Aoife1_Aug2015_joannachattman

AOIFE O’DONOVAN

In the quiet moments found between touring her first solo album and collaborating
with mainstay folk and bluegrass peers, Aoife O’Donovan found the inspiration to
write her sophomore album “In the Magic Hour” — out Jan. 22, 2016 on Yep Roc
Records.

“Flying, getting the rental car, eating all my meals alone…” O’Donovan says. “I just
remember sitting with a book in Germany two winters ago, just feeling so happy
that after the show I could have a Hefeweizen and read and not talk to anybody. And
I think that gave me more time to edit my lyrics and really be more mindful with
them.”

The songwriting process for “In the Magic Hour” coincided with the death of
O’Donovan’s grandfather, at age 93. She remembers him as a “gentle soul,” in the
small Irish village of Clonakilty where he lived. The lyrics on “In the Magic Hour” are
infused with a sense of loss and mortality’s dark certainty. But the album is just as
much an ode to O’Donovan’s joyful childhood visits to Ireland. Aunts, uncles,
grandparents and flocks of cousins would gather at the Clonakilty seaside to swim in
the chilly ocean and sing together in the lingering Irish summer twilight. “In my
memory it was sunny every day,” O’Donovan says. “Although that definitely cannot
be true.”

The result of O’Donovan’s days of solitude is a 10-song album full of the singer’s
honeyed vocals mixed with gauzy, frictionless sounds: splashing cymbals, airy
harmonies, the leisurely baritone musings of an electric guitar.
O’Donovan had not yet performed many of the songs live before arranging and
recording them over the course of three sessions in Tucker Martine’s (The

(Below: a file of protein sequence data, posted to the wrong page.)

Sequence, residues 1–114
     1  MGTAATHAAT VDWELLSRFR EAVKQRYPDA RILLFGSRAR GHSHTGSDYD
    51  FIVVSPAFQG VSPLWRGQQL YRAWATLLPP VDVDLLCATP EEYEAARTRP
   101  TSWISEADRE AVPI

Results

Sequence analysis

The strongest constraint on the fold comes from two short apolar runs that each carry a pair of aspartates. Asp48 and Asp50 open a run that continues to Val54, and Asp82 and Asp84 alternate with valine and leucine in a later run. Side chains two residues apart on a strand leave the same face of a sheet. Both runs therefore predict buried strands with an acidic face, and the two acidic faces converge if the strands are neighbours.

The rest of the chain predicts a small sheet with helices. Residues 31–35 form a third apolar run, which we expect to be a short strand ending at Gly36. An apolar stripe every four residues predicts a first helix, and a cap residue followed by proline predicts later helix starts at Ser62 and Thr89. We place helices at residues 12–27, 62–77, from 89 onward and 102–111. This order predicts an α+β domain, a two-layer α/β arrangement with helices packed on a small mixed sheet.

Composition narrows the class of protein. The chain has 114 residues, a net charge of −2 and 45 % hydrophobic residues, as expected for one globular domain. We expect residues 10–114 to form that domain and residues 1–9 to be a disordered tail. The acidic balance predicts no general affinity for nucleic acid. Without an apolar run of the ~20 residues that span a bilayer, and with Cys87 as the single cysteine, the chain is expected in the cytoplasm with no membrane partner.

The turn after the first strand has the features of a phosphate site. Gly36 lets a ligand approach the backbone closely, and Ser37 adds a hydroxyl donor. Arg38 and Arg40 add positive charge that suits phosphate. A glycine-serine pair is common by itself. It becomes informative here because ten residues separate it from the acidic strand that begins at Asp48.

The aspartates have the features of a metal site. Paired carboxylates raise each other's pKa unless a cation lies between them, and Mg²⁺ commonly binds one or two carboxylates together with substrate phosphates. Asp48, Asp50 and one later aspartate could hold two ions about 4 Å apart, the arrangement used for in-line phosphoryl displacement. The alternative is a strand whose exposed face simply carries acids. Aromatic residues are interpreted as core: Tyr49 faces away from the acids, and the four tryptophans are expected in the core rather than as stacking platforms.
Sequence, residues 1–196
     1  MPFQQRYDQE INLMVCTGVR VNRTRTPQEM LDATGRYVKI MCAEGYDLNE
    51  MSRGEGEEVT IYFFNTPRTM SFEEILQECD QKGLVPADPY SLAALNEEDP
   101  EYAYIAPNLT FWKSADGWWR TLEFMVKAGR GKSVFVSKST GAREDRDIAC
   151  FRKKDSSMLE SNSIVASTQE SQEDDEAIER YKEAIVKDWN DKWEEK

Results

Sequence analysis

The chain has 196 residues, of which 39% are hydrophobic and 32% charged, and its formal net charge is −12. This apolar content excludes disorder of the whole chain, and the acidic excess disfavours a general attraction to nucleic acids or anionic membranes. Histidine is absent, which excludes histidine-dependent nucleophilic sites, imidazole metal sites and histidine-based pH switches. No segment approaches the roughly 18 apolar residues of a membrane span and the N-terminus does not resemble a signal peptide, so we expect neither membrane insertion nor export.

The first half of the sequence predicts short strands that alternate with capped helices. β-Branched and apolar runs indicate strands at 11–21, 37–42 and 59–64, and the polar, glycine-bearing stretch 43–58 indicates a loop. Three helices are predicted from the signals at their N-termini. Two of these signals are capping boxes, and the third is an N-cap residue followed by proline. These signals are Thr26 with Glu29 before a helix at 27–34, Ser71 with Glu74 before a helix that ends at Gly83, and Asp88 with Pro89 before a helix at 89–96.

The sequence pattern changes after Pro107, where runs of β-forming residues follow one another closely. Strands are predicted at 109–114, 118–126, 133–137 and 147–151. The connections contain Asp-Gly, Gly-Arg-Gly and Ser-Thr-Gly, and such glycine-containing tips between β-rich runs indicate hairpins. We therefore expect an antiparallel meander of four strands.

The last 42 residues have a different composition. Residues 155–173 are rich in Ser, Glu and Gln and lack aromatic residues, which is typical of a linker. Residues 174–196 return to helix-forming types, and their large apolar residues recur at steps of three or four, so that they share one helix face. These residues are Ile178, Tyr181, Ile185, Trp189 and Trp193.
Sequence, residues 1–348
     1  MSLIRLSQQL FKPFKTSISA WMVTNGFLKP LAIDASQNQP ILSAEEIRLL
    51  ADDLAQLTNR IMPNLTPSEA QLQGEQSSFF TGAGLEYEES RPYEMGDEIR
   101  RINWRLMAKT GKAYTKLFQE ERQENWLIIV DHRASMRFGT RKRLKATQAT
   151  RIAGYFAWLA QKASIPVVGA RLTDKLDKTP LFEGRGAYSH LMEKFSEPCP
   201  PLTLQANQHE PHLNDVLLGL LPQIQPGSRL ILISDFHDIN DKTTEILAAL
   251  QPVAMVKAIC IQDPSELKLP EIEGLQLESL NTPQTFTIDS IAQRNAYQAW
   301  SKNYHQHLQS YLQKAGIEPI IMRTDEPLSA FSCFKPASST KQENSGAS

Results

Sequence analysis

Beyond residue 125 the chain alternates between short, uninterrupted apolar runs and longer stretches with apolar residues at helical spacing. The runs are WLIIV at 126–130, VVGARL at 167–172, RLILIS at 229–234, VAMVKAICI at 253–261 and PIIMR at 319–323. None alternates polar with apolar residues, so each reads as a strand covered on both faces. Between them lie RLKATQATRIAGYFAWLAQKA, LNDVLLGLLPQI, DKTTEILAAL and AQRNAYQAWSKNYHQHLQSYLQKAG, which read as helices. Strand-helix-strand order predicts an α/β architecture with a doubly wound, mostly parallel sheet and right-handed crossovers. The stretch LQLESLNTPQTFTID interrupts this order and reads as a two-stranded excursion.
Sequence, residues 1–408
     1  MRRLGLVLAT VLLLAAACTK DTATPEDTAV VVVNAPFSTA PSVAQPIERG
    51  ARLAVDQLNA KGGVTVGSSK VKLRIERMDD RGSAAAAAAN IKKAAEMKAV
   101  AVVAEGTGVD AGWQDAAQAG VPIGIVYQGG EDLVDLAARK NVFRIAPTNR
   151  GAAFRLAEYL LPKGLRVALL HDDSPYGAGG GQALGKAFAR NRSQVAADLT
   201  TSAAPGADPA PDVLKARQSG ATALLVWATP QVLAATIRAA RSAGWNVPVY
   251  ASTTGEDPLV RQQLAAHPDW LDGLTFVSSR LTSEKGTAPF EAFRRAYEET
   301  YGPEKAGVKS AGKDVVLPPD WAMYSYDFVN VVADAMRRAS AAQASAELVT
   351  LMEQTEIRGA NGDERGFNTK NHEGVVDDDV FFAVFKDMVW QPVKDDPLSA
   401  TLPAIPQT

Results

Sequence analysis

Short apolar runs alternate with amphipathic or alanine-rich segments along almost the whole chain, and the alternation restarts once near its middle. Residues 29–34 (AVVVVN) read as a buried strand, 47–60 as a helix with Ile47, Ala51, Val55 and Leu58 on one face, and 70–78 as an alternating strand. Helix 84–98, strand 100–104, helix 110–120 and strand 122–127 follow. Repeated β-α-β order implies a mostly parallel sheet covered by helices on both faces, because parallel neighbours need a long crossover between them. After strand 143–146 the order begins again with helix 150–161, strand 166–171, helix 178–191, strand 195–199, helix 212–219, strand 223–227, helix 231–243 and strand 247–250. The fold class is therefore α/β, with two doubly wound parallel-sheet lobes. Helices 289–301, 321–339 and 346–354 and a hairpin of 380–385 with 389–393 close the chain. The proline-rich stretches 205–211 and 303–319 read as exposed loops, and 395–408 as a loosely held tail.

Decemberists, Neko Case), studio in Portland, OR. “The whole recording process was
really Tucker [Martine] and me taking these songs and building them from the
ground up,” O’Donovan says. The result is deliberate but not over-done, the
freshness of the material intact.

While “In The Magic Hour” rekindles the creative partnership with Grammy-
nominated producer Martine, the album also highlights the fruits of O’Donovan’s
various career collaborations. Composer Gabriel Kahane, New York’s string quartet
Brooklyn Rider and musician Chris Thile all lend musical and vocal support, as well
as I’m With Her band members Sara Watkins and Sarah Jarosz, plus many more.
Throughout “In the Magic Hour,” O’Donovan’s grandfather flits in and out like a
beloved specter. His voice appears in the mournful “Donal Óg,” tremulous and
faraway. And the transcendent “Magpie,” named for Ireland’s ubiquitous birds, was
written for him.

“There are flocks, but you often see just one solo bird,” O’Donovan says. “And I really
like that they’re these creatures that have the whole sky at their disposal. You can be
a loner, or you can be at the front of the V.”
Flight and loneliness are enduring themes throughout “In the Magic Hour,” which
takes much of its inspiration from O’Donovan’s itinerant lifestyle. But she finds
herself reaching, again and again, for something more substantial. The songs on “In
the Magic Hour” are like specks of dust floating in the tall arches of a cathedral, privy
to the endless rituals of life and death and stirred occasionally by the flutter of
pigeon wings. Graceful and light, they search, softly, for a place to rest.